When we are facing a dangerous or life threatening situation, our bodies are naturally built to enter a state of alertness. Our heart-rate increases, we start to shake, and we feel nervous or scared. In other words, we experience fear. This reaction is not only natural, but also helpful. For instance, if we suddenly see a car quickly speeding towards us while we are crossing the street, we immediately start to run because we fear that it will hit us. In this case, fear saves our life.
However, if you are experiencing extreme, irrational fear, and/or intense worry that affects your everyday life, you may be suffering from an anxiety disorder. To give a few examples, you may experience intense worry that you find hard to control, feel restless or on edge, become easily tired, find it difficult to concentrate, become easily irritated, suffer from tense muscles (for instance, low back pain, headaches or stomach aches), and/or have problems with sleep (for example, finding it hard to fall asleep, or waking up in the middle of the night). These would all indicate that your anxiety levels are higher than normal.
You may have an anxiety disorder if you have experienced a period of:
- Intense anxiety
- Feeling that something bad is about to happen
And these were accompanied by at least four of the following symptoms:
- Difficulty in breathing
- Heart is racing
- Upset stomach
- Chest pain
- Feeling as if you are choking
- Feeling dizzy
- Feeling lightheaded
- Having chills or Having hot flashes
- Feeling as if you’re being outside your body
- Feeling as if the world is not real
- Afraid of losing control
- Afraid you are going to die
Some people may also experience panic attacks. Panic attack symptoms usually appear suddenly and very quickly and reach their highest intensity within ten minutes. While experiencing a panic attack once or twice in our life can be quite common, you may be suffering from Panic Disorder if:
- You have repeatedly experienced panic attacks that were not triggered by a specific situation
- For at least one month, you are worried that you may experience another panic attack, are worried about the consequences of a panic attack, or you have changed your behaviour because of the panic attacks (for example, avoiding going out because you are afraid of having a panic attack in public)
The symptoms of a panic attack are the result of the body going into a state of alertness which invokes a ‘fight or flight’ response. Experiencing a panic attack without an understanding of why your body has gone into a state of alertness can be extremely scary.
Both genetics and social environment are associated with anxiety disorders.
A lot of people who develop an anxiety disorder have experienced an extremely stressful life event. Being in an abusive relationship is an example of such an event. Not only do people in an abusive relationship go through traumatic events such as physical and/or emotional abuse, but also they can live in constant fear that their abuser will hurt them or their loved ones at any time.
Constantly being on edge, waiting for the next abusive incident to take place, and feeling as if you need to walk on eggshells in order to not upset your abusive partner can contribute to developing an anxiety disorder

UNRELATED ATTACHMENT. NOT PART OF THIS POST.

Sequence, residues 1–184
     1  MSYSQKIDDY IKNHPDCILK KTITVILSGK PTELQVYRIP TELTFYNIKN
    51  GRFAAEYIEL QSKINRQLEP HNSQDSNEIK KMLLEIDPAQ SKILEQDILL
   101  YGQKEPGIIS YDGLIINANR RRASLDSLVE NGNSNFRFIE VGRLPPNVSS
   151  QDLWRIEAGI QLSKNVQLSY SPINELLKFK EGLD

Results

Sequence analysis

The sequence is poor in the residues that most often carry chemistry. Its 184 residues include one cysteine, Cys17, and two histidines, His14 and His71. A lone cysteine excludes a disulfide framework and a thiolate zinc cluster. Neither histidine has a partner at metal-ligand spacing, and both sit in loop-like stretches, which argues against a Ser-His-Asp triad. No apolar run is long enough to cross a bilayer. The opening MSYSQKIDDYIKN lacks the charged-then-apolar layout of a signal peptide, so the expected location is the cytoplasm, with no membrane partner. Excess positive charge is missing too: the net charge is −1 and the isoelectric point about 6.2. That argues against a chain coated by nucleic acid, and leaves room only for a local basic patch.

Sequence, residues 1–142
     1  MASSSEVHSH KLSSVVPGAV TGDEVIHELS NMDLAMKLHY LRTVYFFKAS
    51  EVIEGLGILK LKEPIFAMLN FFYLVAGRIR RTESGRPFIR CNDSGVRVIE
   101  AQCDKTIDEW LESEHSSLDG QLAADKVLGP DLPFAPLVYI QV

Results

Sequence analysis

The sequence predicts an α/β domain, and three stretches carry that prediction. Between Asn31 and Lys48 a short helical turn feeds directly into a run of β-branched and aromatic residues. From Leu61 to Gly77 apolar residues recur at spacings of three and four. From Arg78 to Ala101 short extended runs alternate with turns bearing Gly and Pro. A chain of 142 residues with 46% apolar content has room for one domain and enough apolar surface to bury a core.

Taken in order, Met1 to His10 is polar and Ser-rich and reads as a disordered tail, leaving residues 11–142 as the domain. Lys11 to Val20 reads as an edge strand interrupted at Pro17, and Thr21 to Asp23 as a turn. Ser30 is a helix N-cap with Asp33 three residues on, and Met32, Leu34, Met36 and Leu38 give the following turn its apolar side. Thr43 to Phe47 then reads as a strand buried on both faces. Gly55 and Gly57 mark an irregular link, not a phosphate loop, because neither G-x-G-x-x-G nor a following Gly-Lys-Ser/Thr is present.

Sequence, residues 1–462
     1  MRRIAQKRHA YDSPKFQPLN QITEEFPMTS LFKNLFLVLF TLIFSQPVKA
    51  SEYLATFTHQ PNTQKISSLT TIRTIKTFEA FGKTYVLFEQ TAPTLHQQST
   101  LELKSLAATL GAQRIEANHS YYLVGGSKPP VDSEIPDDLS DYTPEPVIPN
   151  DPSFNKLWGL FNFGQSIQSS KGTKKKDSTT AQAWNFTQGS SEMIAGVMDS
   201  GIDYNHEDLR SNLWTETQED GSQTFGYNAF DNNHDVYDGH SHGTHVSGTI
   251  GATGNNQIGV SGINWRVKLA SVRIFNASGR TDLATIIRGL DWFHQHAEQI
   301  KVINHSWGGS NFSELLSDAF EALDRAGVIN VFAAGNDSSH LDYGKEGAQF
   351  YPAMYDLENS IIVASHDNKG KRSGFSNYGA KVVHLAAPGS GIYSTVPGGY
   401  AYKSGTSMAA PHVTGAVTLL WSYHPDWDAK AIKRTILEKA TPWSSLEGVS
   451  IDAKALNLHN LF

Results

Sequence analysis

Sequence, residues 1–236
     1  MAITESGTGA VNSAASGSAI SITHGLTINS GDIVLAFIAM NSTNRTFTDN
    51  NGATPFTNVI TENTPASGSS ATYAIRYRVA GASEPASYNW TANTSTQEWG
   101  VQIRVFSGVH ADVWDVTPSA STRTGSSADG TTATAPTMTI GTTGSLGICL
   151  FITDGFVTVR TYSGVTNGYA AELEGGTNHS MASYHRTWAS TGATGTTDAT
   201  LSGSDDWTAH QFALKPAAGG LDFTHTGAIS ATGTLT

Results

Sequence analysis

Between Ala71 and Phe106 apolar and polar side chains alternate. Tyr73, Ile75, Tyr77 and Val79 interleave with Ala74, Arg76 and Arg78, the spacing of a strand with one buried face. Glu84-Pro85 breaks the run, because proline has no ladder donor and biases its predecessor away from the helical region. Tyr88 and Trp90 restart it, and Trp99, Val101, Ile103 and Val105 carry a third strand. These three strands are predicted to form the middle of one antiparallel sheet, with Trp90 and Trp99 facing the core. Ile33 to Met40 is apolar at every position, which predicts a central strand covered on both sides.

Thinking that you don’t have control over your environment, can also increase your chances of developing an anxiety disorder. Abusive relationships are all about the control that the abuser has over the other individual. Having your abusive partner control you in any way can make you feel as though you have no control over your own life and that can lead you to become stressed. No one deserves to have others dictate them how to live their lives or endure constantly threatening situations.
Severe anxiety can heighten people’s tendency to interpret situations negatively. For example, a person suffering from panic disorder can be more likely to notice and pay attention to the initial symptoms of a panic attack (such as shortness of breath and increased heart rate), and wrongly interpret them as a heart attack. Some people may even begin to avoid engaging in any situations that make their heart race (for example, exercise) because as soon as they feel their heart rate increase, they are scared of an oncoming heart attack. This thought pattern can lead to people believing that the only reason why they haven’t actually had a heart attack is the fact that they avoid engaging in situations that increase their heart rate. This can create a cycle of fear, stress, and avoidance.
It has even been suggested that some people suffer from anxiety because it distracts them from even more intense negative emotions. For those in abusive relationships, it may therefore be that the intense feeling of worry may feel less damaging than the reality people in abusive relationships are facing on a daily basis.
The first step to dealing with anxiety symptoms is to learn what these symptoms are so that you can recognise them any time you experience them. This is crucial so that you can break the cycle of misinterpreting anxiety symptoms and their consequences. Instead of misinterpreting anxiety symptoms as a sign that something disastrous is about to happen, you should reassure yourself that it is simply your body’s way of telling you that it has gone into a state of alertness, and that the symptoms will go away once you calm down.
To address the misconception that avoiding certain tasks prevents a certain disaster, which you’re worried about, from happening, it can be helpful to start engaging in the exact activities and behaviours you have been avoiding. You may also find it useful to view our information on different treatment options.